Blood Like A River
for Sing Out! Magazine, June 2014
Nathan Bell’s Blood Like a River hit me hard. It is powerful stuff on through from the opener “Names” which relates in brief lives of three soldiers who now live on as names on the wall and as memories of loved ones. “Names” is so sharply written and concise that with its compelling somber melody it is one of the most stunning, harrowing songs I have heard in a long time. Worth the price of admission by itself – and only the opener.
Nathan’s songs limn a grim and unforgiving world where grit and hope guarantee nothing. I remember how shaken I felt the first time I heard the album. Frankly figuring how to write about it has been tougher than I expected even as I have come to treasure Blood Like a River, a sparse, extremely intimate album on which Nathan played and sung everything – and all in just one month.
“Really Truly” parallels three couples: the straight Mary & Jimmy, and the gay Jenny & Jill and Jack & Gary. Three couples, three rings, three love stories. A powerful song about letting love take its course unimpeded as love is too precious to waste. “Blue Kentucky Gone” is the tale of a girl who fell under the spell of Emmylou singing Loretta Lynn’s “Blue Kentucky Girl.” “Every Other Day” is a meditation on mortality and love, bleak yet oddly comforting.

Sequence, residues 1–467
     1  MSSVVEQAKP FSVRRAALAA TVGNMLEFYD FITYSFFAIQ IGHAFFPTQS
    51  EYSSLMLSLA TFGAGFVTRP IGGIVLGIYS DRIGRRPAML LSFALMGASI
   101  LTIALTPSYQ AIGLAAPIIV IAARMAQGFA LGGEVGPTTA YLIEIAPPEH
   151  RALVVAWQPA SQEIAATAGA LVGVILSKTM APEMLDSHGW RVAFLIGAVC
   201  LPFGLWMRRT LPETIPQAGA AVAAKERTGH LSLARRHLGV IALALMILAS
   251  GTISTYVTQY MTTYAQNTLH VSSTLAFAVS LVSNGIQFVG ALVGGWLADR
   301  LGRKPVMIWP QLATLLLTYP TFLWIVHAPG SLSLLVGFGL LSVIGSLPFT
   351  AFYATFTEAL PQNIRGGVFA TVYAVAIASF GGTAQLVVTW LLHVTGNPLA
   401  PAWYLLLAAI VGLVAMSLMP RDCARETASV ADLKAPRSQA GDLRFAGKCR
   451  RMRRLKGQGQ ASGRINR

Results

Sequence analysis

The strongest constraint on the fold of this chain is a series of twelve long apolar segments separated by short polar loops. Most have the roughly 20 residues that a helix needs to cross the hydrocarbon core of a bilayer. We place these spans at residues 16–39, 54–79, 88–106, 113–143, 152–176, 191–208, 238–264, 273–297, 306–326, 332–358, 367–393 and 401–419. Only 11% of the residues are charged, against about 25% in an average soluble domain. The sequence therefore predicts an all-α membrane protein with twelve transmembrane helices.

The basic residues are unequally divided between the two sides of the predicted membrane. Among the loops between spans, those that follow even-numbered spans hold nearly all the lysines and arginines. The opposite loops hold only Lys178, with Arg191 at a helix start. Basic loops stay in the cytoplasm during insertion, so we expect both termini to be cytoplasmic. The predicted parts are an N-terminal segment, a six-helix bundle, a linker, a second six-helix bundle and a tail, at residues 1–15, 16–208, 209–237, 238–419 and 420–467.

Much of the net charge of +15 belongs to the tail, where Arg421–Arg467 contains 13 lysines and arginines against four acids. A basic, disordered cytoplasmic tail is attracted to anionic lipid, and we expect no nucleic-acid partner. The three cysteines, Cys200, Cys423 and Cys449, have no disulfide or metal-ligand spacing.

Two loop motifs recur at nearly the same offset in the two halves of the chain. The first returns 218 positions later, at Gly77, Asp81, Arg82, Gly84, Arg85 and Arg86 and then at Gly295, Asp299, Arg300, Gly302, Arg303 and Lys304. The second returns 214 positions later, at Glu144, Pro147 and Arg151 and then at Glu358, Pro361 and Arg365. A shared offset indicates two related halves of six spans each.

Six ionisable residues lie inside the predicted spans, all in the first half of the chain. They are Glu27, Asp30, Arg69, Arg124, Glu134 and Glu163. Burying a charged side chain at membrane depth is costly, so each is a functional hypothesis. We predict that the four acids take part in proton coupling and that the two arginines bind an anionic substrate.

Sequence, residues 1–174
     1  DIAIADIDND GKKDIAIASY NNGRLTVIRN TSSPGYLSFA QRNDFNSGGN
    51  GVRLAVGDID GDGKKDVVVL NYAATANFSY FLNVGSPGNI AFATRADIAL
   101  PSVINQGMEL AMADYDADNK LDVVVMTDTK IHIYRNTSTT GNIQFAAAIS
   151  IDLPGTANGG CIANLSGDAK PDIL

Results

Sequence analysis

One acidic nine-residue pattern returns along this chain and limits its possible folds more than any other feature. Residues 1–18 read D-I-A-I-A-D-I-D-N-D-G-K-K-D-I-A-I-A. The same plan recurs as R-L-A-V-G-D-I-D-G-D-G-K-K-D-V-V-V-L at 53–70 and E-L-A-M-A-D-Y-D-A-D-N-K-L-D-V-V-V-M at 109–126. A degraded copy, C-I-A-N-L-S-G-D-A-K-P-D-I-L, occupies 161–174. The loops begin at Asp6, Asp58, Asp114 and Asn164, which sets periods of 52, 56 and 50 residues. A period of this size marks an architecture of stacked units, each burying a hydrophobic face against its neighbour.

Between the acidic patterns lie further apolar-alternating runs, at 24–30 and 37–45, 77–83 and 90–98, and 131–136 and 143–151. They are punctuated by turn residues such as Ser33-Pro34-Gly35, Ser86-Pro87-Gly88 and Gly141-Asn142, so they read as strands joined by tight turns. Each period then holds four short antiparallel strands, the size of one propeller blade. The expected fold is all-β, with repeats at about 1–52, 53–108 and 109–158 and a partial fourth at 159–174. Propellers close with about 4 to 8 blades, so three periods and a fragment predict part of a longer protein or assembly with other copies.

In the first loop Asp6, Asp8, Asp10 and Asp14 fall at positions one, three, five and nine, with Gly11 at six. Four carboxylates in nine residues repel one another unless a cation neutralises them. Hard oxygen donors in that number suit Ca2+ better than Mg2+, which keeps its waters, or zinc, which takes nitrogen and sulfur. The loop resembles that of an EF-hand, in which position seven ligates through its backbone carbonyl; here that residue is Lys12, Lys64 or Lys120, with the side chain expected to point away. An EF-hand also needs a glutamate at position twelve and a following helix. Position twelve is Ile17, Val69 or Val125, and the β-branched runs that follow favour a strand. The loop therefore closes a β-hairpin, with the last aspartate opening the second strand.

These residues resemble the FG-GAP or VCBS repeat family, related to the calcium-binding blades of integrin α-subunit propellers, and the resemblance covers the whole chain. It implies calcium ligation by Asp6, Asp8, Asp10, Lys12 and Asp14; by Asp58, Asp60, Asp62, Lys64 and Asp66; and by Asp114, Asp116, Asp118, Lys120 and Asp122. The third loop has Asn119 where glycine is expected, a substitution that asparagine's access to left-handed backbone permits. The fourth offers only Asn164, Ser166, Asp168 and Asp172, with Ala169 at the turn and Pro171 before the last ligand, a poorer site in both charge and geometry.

Nathan Bell has been recording since the 1980s, but I only made acquaintance with his song craft on 2011’s Black Crow Blue, his first release after a 12 years break. In the notes, Elissa Wolf says Nathan told her that his lack of success hadn’t left him heartbroken and discouraged from writing … but just felt he wasn’t ready to be a writer. I guess he thought he needed more life experience to become the potent writer he sure as hell is now. With Blood Like a River he’s made an album that at once resonates timeliness and timelessness.
– Michael Tearson